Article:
Jim and I are going to the San Diego Botanic Garden today and to the Gay Pride Festival tomorrow.

Rainbow balloons at San Diego Gay Pride

Pictures copyright 2012 Russel Ray Photos

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San Diego Nighttime Zoo starts today!

San Diego Zoo logo

Pictures copyright 2012 Russel Ray Photos

Today marks the beginning of the San Diego Nighttime Zoo for 2014. Instead of being open from 9:00 a.m. to 6:00 p.m each day., the Zoo will stay open until 9:00 p.m. each and every day through September 1, 2014.

I love the Nighttime Zoo! Yahoooooooooooooooooooooooooooo! (Smile if you think I’m excited!)

Remember that if you come to San Diego on business or vacation, contact me because I often have free tickets to the San Diego Zoo, Safari Park, or SeaWorld. With enough notice, I can usually play docent for a day!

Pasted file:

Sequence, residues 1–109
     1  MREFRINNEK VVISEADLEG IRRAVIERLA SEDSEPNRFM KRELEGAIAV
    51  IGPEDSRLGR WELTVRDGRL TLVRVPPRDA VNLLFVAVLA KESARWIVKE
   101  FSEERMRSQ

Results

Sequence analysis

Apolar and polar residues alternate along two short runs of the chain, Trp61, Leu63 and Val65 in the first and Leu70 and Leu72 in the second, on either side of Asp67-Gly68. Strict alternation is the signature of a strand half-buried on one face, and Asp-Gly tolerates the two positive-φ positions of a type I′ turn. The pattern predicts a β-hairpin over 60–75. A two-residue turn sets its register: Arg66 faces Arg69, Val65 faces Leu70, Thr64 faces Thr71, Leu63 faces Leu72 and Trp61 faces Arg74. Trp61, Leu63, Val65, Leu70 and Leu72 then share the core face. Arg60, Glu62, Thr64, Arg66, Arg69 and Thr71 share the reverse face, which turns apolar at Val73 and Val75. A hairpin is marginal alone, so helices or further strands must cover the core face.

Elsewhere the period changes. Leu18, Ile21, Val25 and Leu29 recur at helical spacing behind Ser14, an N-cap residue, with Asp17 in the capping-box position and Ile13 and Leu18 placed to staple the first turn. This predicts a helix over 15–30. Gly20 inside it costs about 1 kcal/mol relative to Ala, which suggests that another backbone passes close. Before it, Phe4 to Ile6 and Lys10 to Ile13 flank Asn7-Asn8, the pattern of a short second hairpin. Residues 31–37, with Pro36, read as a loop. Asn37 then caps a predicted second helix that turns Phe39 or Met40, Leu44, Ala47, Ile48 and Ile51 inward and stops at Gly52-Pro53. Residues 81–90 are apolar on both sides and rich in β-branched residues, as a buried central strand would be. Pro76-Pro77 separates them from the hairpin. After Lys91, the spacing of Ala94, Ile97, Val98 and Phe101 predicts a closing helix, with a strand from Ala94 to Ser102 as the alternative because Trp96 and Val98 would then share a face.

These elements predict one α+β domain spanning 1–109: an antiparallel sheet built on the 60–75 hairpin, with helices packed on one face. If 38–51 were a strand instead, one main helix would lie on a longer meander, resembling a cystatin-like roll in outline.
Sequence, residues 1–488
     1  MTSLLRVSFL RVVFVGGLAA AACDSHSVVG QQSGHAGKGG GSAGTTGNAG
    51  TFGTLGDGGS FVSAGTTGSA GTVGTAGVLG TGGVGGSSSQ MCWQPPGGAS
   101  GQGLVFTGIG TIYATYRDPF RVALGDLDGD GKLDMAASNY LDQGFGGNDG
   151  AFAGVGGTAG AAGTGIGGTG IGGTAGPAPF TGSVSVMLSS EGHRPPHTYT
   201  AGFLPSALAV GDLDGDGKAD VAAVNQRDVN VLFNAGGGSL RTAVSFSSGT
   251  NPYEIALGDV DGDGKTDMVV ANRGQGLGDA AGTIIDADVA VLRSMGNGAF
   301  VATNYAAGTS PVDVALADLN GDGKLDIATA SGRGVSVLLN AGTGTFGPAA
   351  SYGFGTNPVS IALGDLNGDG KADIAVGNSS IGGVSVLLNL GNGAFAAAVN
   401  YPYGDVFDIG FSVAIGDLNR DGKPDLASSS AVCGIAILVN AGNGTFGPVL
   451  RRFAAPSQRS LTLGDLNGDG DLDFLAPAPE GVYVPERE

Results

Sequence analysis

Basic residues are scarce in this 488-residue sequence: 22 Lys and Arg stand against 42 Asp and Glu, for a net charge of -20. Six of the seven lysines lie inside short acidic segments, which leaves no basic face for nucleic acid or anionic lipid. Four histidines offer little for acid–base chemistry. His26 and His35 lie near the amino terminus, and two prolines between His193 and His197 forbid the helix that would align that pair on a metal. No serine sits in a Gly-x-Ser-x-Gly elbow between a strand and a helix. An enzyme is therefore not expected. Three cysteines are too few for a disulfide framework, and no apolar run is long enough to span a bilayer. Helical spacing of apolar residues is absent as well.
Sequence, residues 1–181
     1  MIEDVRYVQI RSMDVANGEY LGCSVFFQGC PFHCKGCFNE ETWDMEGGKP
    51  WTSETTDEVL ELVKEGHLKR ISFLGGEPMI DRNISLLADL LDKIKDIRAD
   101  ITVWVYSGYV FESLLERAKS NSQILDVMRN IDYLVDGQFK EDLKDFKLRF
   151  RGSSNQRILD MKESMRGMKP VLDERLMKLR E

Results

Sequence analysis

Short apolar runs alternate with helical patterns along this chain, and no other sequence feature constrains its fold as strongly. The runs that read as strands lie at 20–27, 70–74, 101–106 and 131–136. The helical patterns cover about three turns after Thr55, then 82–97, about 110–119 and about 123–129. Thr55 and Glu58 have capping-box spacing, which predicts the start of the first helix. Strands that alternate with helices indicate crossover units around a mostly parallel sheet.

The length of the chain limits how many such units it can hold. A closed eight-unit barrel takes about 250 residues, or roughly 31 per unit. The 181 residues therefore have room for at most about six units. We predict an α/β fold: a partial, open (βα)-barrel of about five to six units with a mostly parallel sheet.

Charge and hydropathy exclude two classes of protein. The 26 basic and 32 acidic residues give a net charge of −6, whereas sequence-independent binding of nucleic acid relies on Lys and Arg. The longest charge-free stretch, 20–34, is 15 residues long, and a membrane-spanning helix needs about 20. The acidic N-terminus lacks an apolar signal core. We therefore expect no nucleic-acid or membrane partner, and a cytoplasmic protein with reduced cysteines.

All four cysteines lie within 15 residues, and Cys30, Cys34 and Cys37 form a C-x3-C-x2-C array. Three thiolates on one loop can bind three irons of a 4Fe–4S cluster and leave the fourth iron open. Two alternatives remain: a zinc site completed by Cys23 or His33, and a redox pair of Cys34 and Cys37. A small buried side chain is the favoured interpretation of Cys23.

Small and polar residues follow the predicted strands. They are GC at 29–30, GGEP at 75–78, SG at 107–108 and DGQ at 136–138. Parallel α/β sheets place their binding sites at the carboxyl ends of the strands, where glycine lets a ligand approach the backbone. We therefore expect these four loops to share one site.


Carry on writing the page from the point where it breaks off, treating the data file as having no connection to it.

Also, if you fly into San Diego, sit on the left side of the plane. The view of downtown San Diego as you are landing is awesome!

Following are some of my favorite pictures from past visits to the Zoo. Eventually, Photographic Art will be created from these pictures and Julian will upload them to my galleries at Fine Art America for purchase in many different forms (traditional prints, prints on metal or acrylic, posters, cell phone cases, etc.).

Komodo dragon at the San Diego Zoo

Pictures copyright 2012 Russel Ray Photos

Necking flamingos at the San Diego Zoo

Pictures copyright 2012 Russel Ray Photos

Albino burmese python at the San Diego Zoo

Pictures copyright 2012 Russel Ray Photos

Shoebill at the San Diego Zoo's Safari Park

Pictures copyright 2012 Russel Ray Photos

Ocellated turkey at the San Diego Zoo

Pictures copyright 2012 Russel Ray Photos

Hippopotamuses at the San Diego Zoo

Pictures copyright 2012 Russel Ray Photos

Giant panda at the San Diego Zoo

Pictures copyright 2012 Russel Ray Photos